Thursday, April 21, 2011


I am a sucker for data, dangerously so. I get a strange pleasure from collecting information (and I waste too much time doing it) and seeing it presented in concise, graphic summaries.

I also waste too much time collecting information that might some day be useful. So I’m suspicious of when people tell me to track things for my infant. It drove me crazy when the nurses at the hospital would ask me when I last fed Willow and for how many minutes on each side. I don’t know! I’m barely conscious – you expect me to keep count? I feed her when she’s hungry! The diaper count charts they gave us to fill in went in the garbage. Beyond the very early indications of whether or not the baby’s system is functioning, why in the world should we care how many pees and poops she has?

There is also the danger of too much information. Our pediatrician tried to get us to use formula due to insufficient poopy diapers. I know several people who have stopped breastfeeding because they couldn’t be in control of how many ounces their baby was getting per day.

So when someone gushed about Trixie Tracker on an online forum I belong to, I thought that was something I didn’t want to get sucked into.

Then Mark and I watched the Sleepeasy Solution and decided we want to wean, or at least reduce the number of nighttime feedings. But in order to do that, we should have a good idea of when the feedings are taking place, so I can choose the best times for her advance feedings. I want to make sure she’s not truly waking up hungry and I’ll feel more confident about that if I base our plan on data.

Also, it is nice to see whether or not this intervention results in more sleep. Whether or not she continues to nurse a similar amount. And if she transfers her nursing to the day instead of the night. All of this is easier to see with data.

So perhaps this could be useful for a few weeks while we attempt to make these changes.

But then I think about my return to work just over two months from now. It would be nice to see a pattern of when the nursing happens, so that I can try to organize my schedule to be home for the most important feeds. Again, a chart does wonders.

It’s also cool to be able to compare your charts with other user’s children of similar ages. Is my child an outlier or not? Am I more sleep deprived than the average parent of a four-month old? Of course, I can’t count on the fact that every other user is entering data correctly. Nor is a Trixie Tracker user a representative sample (probably overinvolved, obsessive parents are overrepresented). But it’s still nice to have something to compare our situation with, as it can feel kind of isolating getting up every hour or so in the middle of the night and wondering if anyone else is going through this.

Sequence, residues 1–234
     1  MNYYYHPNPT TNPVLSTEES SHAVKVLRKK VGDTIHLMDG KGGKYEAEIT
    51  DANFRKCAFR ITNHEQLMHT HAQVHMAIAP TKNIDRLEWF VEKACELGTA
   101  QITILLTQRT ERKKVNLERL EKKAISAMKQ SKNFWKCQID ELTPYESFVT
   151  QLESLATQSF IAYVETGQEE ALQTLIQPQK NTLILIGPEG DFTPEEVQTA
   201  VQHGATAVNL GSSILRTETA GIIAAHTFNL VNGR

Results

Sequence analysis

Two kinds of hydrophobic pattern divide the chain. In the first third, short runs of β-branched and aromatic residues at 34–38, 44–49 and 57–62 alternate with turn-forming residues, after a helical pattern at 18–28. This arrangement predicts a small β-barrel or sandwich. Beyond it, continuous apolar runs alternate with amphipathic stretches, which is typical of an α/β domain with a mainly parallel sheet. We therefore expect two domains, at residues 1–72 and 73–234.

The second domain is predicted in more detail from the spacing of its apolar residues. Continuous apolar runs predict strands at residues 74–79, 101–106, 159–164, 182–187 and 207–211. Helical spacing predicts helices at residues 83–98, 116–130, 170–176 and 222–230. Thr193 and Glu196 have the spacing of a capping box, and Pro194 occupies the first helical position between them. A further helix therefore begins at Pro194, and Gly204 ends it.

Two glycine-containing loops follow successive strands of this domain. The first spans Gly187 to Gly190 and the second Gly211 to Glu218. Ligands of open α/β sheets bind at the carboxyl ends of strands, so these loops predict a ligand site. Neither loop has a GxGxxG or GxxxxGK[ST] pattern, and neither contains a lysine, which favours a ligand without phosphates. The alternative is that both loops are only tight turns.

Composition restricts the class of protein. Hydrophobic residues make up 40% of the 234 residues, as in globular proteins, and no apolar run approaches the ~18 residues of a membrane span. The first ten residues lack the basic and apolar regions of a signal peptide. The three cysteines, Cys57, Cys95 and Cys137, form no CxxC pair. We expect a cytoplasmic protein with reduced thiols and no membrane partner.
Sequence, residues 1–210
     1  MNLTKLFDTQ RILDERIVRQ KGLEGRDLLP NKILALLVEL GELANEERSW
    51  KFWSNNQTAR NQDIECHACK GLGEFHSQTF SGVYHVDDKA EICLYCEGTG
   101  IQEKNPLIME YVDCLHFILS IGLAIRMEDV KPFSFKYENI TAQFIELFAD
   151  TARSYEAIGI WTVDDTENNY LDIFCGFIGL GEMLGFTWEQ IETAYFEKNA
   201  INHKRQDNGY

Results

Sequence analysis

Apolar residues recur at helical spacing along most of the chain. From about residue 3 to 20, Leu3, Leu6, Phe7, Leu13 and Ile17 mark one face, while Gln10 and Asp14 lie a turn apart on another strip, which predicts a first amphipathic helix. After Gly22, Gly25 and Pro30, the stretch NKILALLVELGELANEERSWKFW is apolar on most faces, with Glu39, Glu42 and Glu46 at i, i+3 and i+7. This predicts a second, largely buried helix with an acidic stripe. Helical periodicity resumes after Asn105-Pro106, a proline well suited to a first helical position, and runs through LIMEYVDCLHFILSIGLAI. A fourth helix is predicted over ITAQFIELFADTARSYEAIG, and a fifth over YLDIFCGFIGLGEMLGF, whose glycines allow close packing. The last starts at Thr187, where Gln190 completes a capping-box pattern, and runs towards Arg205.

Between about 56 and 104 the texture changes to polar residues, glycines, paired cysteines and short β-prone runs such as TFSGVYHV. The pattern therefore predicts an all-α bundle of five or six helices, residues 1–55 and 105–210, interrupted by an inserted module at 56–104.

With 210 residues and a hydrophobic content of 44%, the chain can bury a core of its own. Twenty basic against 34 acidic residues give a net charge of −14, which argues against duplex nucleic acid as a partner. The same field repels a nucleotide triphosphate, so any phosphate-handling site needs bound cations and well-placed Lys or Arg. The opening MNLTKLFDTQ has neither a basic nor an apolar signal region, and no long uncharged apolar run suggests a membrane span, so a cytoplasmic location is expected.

You also find out random, but interesting facts, such as I spend 200-236 minutes per 24 hours nursing Willow (that’s where all my time went), or that she spends 10.5 hours per day awake. I can see graphically that she is a short, but frequent eater, with feedings ranging from 8-20 minutes, but occurring 10-12 times per day. Could I live without this information? Yes. But it gives me a little more clarity on where we are and how I spend my time in what seems like a daze of feedings, changes, and naps.

So I’m now on day 2 of using Trixie Tracker and will probably be hooked for a couple of months.  Only the first two weeks are free, unless you want to track only diapers (why, I have no idea).  There is all kinds of stuff you could track. You could go crazy and spend your life tracking every single diaper, bottle, nap, solid food, nursing, and medication your child ever experiences.  You can waste a lot of time getting averages, scatterplots, and probabilities.   Or you could have a need to track certain things (a child with difficulty accepting solids, sleep problems, a burdensome medication schedule) and tracking these particular items might make things more clear, or might reveal patterns that can illuminate what is and isn’t working. 

Yes, a pen and paper works. But for me, having the data tranformed into charts and graphs makes things more clear. And being the data geek I am, this clarity gives me an unwarranted sense of having more control. 

Do you collect data on your child’s schedule? If so, how and why?

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